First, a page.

Funders of all varieties find value in civil legal services

Monday, June 7, 2021

I consider myself fortunate that my career led me to a place where I have a front row seat to the lasting impact that having access to a lawyer can make in the lives of low-income Ohioans. It is clear that I am not the only one, as many funders in Ohio see the value in civil legal services as well. In fact, 43 Philanthropy Ohio members gave to legal aid in 2020, a remarkable show of support.

Some funders with a focus on children recognize how access to lawyer as part of a multidisciplinary team improves educational outcomes and, as a result, fund legal aid. Some funders with a focus on improved health outcomes recognize that medical legal partnerships provide a new pathway to improved overall health outcomes and fund legal aid. Some funders with a focus on community or economic development see that including legal aid in local partnerships adds value and strengthens communities, and fund legal aid. The examples go on and on and tell the same story: access to justice, and access to a lawyer in particular, is universally good for our communities.

In 2020, nonprofit civil legal aid providers were on the front lines supporting Ohioans in need. Ohio’s legal aids opened 54,833 cases and served 124,830 Ohioans. Additionally, we were fortunate to have Ohio Legal Help, an online legal information website and portal that launched at the end of 2019. In 2020, when so many needed to seek guidance from the safety of their homes, Ohio Legal Help responded with real-time updates on legal issues related to the pandemic and provided legal information and referrals to more than 330,000 Ohioans. In addition to their normal workload, Ohio’s legal aids and Ohio Legal Help stepped up to the challenge and served 58,539 Ohioans specifically with COVID-19 related legal issues. As a result of legal advocacy, legal aid attorneys increased income and assets for Ohio families by nearly $7.8 million, which provided essential funds in a year when so many experienced increased poverty.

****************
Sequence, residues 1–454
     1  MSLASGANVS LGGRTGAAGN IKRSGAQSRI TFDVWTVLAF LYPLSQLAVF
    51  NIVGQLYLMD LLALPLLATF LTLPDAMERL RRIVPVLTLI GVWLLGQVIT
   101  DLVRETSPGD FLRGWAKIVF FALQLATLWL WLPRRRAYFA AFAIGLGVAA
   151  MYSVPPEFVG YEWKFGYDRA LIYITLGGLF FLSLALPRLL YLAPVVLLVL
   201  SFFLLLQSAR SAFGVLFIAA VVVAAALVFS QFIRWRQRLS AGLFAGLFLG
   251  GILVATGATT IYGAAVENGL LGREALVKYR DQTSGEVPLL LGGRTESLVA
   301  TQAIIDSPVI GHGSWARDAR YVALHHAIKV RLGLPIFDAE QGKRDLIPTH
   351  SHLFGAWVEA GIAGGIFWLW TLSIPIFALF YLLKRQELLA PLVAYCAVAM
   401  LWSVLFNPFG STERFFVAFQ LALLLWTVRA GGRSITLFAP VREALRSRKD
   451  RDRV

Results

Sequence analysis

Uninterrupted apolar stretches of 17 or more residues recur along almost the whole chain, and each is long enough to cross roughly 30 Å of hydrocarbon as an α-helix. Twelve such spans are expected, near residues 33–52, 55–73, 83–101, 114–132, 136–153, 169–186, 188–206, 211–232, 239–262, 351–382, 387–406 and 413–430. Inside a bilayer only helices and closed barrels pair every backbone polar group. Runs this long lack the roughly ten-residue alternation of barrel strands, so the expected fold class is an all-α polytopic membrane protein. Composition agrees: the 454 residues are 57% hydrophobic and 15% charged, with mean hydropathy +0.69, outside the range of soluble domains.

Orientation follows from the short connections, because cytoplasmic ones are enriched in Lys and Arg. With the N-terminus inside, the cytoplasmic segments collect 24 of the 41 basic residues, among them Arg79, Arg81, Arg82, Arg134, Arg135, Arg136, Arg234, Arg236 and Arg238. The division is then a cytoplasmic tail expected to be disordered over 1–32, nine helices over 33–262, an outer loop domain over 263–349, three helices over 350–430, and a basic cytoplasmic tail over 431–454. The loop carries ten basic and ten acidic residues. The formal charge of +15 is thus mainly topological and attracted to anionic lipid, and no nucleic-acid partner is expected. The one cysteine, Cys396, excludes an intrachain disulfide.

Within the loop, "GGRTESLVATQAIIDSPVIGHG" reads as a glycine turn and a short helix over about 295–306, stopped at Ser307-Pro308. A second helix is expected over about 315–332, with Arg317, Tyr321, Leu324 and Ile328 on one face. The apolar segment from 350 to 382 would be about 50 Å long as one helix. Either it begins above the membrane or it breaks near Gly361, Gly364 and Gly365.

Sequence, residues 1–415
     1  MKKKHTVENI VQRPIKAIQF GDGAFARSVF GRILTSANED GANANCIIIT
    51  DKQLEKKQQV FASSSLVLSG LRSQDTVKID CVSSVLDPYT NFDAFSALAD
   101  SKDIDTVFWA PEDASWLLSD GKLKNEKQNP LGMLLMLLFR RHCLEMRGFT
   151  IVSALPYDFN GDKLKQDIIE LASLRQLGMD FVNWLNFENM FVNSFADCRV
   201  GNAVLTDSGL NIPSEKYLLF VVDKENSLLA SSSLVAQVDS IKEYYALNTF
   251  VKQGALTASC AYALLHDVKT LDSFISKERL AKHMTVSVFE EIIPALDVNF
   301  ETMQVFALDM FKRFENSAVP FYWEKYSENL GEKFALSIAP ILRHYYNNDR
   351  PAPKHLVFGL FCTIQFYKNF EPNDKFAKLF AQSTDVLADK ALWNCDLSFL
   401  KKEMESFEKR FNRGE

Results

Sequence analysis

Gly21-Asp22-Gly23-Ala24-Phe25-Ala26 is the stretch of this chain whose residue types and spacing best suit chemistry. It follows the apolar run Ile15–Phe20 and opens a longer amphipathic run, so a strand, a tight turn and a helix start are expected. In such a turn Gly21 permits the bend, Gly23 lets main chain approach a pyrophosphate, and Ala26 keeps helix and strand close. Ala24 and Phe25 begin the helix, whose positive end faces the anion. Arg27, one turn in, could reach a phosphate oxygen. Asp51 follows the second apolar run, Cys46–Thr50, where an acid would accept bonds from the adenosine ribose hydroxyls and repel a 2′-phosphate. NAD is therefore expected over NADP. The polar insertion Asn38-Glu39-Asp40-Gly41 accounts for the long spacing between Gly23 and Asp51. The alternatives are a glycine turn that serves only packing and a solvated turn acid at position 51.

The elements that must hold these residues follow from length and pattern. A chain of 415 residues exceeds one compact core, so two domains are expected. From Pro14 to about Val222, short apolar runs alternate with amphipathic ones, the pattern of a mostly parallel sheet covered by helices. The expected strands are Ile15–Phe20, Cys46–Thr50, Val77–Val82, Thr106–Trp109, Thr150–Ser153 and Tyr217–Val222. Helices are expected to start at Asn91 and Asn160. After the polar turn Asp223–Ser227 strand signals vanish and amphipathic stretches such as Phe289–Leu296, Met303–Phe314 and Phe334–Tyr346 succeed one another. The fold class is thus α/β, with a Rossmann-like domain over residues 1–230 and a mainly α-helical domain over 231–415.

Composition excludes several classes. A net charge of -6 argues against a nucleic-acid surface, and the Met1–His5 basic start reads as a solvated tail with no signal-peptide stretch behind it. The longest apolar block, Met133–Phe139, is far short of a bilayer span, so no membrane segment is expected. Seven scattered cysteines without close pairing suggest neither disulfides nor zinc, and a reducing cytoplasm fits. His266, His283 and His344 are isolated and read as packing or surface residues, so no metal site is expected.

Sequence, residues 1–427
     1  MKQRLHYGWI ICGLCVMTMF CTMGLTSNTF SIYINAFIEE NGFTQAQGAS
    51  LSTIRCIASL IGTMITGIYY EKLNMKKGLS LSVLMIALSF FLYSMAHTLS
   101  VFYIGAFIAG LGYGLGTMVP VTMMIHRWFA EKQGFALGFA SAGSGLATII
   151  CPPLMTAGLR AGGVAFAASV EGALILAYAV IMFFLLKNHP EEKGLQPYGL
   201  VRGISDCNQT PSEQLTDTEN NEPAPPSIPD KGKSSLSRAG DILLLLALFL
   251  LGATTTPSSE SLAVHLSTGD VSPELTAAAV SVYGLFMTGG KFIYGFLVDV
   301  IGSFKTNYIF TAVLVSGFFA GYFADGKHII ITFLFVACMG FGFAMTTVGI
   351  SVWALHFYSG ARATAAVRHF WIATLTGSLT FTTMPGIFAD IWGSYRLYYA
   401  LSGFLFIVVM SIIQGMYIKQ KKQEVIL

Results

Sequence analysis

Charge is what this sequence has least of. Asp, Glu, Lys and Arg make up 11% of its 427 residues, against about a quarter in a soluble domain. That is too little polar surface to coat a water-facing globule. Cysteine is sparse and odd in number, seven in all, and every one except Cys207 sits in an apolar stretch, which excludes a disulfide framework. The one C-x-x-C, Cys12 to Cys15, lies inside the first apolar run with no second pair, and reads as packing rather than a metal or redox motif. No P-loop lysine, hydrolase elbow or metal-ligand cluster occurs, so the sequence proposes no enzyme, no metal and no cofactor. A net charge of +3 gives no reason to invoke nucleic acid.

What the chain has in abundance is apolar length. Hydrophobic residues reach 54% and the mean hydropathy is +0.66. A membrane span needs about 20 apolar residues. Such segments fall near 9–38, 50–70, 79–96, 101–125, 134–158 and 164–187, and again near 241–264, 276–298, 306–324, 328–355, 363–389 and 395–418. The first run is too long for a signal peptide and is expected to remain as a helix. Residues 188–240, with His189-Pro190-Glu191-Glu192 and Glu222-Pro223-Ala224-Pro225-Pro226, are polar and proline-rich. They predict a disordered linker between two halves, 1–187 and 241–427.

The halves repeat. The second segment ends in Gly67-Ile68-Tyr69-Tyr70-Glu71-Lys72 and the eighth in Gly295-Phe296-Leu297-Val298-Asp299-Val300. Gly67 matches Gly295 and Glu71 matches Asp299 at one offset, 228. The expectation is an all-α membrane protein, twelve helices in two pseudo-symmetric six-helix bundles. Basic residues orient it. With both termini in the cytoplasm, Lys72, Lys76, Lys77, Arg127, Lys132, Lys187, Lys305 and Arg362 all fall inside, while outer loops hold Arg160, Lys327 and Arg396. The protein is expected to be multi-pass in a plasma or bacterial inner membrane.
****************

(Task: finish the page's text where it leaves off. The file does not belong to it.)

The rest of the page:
Legal aid organizations statewide saw an increase in the number of individuals requesting assistance with housing issues in 2020. This need for housing services grew as the year wore on, with 41% more requests in the second half of 2020 compared to the first half. Assistance with unemployment compensation issues drastically increased, with 608% more cases opened in 2020 compared to 2019. Health care-related legal problems were also prevalent, with 4,747 Ohioans receiving services for health-related legal issues.

In an effort to create new pathways to reach clients isolated in their homes, legal aid embraced technology widely accessible by low-income Ohioans – social media. One common model utilized was “Ask a Lawyer” segments on Facebook Live. In these live streaming sessions, legal aid attorneys provided critical legal information and answered live audience questions through the comment feature. By the end of 2020, one legal aid organization had offered 36 live sessions with over 39,600 views!